It's a worrying development that so many people who live in democracies are either dissatisfied with politics or, worse still, have little faith in democracy as a system.
If having little faith in a system meant you were prepared to put some effort into making it better that might not be such a bad thing. But you and I know how how little effort most people would be prepared to expend in trying to do that. So we have a problem.
The annual Lowy survey confirms this. Around a quarter of young Australians think that in some circumstances a non-democratic government could be better. In a society that is so absorbed with expressing individual opinion, it would be interesting to understand the circumstances under which young people would be happy to have their opinion counting for nothing, zip, zero.
Some may feel their opinion counts for nothing now and ask "What's the difference?" The difference is in a democracy they get a vote, a chance to use their collective numbers to make their voice heard. When your view isn't adopted by fellow Australians it is all too easy to respond by saying that no one is listening and that the system doesn't work. They may have listened and simply disagreed.
Sadly, some people think democracy is working only when the majority thinks their way. For the majority to disagree with the self obsessed and over confident – surely there must be something wrong! What is wrong is that far too many people think there is always a right and a wrong. In their world there is no place for a difference of opinion or nuance.
Perhaps even more worryingly is that when people are asked to choose between a strong economy or a good democracy, democracy only just wins. Some 53 per cent want a good democracy; 42 per cent will apparently chuck out the right to vote and the associated freedoms in favour of a strong economy. "Give me riches rather than freedom" seems lunacy to me. Which non-democratic countries do 42 per cent of our fellow citizens have in mind? What do they think they will do when the unelected government makes mistakes and messes up the strong economy?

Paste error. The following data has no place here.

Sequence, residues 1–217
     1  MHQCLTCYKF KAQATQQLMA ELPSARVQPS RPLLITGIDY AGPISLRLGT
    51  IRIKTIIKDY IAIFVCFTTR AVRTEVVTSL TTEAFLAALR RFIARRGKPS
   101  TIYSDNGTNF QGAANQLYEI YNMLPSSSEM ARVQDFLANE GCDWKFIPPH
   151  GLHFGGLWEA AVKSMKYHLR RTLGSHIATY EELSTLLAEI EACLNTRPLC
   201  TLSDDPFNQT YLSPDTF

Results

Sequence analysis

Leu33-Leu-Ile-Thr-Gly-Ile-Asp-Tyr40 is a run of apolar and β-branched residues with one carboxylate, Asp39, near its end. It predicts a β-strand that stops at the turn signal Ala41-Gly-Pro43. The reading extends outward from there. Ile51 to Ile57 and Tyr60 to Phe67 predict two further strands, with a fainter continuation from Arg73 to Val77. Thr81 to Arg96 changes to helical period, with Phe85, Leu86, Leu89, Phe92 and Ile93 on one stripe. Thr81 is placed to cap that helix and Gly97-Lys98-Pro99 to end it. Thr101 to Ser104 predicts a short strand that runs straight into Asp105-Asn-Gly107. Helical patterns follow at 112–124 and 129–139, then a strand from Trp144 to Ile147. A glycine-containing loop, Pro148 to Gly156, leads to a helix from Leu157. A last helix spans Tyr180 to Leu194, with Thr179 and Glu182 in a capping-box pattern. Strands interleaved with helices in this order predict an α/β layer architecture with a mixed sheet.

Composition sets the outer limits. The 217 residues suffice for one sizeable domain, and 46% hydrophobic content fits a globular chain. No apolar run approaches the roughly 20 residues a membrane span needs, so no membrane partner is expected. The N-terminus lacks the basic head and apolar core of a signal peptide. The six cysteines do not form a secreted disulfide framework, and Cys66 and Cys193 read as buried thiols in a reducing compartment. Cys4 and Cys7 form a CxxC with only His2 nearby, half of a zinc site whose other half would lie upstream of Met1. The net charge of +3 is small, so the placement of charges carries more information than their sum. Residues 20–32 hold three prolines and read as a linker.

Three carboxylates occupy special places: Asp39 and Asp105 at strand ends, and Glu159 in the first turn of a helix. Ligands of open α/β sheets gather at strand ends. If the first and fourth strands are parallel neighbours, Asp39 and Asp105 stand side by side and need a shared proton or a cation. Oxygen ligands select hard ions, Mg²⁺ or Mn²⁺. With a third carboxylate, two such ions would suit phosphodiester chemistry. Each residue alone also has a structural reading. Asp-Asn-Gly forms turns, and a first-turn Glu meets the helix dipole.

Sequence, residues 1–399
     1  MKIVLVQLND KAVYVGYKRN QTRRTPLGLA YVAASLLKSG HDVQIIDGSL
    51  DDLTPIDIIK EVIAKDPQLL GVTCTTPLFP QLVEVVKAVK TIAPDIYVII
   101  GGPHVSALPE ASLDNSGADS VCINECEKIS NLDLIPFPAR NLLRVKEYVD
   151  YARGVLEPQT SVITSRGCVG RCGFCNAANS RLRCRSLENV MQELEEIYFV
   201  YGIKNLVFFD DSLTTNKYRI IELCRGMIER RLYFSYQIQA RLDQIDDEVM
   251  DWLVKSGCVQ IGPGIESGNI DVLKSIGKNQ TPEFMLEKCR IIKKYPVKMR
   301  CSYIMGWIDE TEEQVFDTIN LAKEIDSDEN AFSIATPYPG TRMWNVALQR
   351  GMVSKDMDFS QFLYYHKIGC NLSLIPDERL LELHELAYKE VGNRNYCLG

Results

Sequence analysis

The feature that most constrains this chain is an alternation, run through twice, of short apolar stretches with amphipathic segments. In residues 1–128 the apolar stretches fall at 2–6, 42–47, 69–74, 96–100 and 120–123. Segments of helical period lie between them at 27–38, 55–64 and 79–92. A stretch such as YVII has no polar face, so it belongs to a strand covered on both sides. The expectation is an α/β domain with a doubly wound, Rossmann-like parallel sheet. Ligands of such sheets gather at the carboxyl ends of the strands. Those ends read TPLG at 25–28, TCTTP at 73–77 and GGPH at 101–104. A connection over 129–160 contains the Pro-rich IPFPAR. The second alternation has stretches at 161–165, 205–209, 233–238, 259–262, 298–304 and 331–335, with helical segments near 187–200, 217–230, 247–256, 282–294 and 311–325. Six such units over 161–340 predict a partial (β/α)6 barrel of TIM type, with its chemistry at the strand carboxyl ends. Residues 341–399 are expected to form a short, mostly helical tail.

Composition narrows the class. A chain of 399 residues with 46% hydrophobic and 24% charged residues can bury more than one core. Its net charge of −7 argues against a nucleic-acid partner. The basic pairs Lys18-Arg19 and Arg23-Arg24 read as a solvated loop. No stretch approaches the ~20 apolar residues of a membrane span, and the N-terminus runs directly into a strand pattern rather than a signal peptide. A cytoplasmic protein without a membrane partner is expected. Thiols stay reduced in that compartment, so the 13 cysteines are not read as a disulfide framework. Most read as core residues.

In part we can blame politicians. We are all sick of either blah blah blah or vitriol.
We say we want government to be unified and coherent but when members say the same thing, because they are unified on it, we call them morons. Add to that the obsession in the media with finding the slightest difference in wording from ministers and blowing it up to be a schism, and we can understand why politicians chose their words carefully and end up sounding like blah blah blah.
When you all agree on something it is understandable to have some overlap in language to describe it. We should expect and accept that. But equally we might say that while the subject is agreed, what is needed is politicians to engage us in it and convince us to adopt that in which they believe. We want sincerity more than soundbites.
If you think the last sentence "says it all "then you will understand the problem, because that phrase is in itself a soundbite. We like them because they short-form things for us. Political parties try to use them because we like them and when well-chosen they convey the appropriate meaning.
We say we are sick of all the vitriol, but deep down it may simply reflect our own standard. Research in the United States has shown a new divide now joins race and religion – and that is politics. This may be true in Australia as well. Yes, fewer people are locked into the tribe of one major party or the other, but those who remain may well be much more tribal, primal and dogmatic.
Those who remain tribal are made up of people with strong views and an articulate voice: the media, commentators, business and academics. It is no wonder political discourse has shifted to the sharper, more dogmatic and nastier end of the spectrum. Politics is an emotive business and emotions may well rule our brains.
I've heard it said that our brain function can be compared to a monkey on an elephant. The elephant is our emotions and the monkey our intelligent reasoning ability. The emotions go charging around and only call on the monkey to back us up in an argument or when we get into trouble. Far too often when someone makes a pronouncement we choose our corner and then call on the monkey to help us out. We need to listen to the monkey before we choose our side.
The Howard years give us some insight into this. Many disliked John Howard and for their own reasons demonised him. When I said to some people, "You have more in common with him than you think", they were appalled. But some simple questions proved the point. "Do you want a stronger Australia where anyone who wants a job can get one?" "Do you think we should have a world-class medical system?". We actually agree on an enormous amount, both in principle and practice. Where we differ is in the pathway to get to an agreed destination – and sadly that's what gets all the coverage.
I admit that once I have made up my mind about someone I hear what they say through that prism. When someone of whom I think very little says anything with which I have a scintilla of sympathy I am genuinely annoyed. I do not want feel as though I have anything in common.
The truth is we are all like this. We all need a mahout up in our brain to keep the emotive elephant in line and let the monkey have a better run. The monkey will use less blah blah blah and less vitriol – and politics will be the better for it.
Amanda Vanstone was a minister in the Howard government.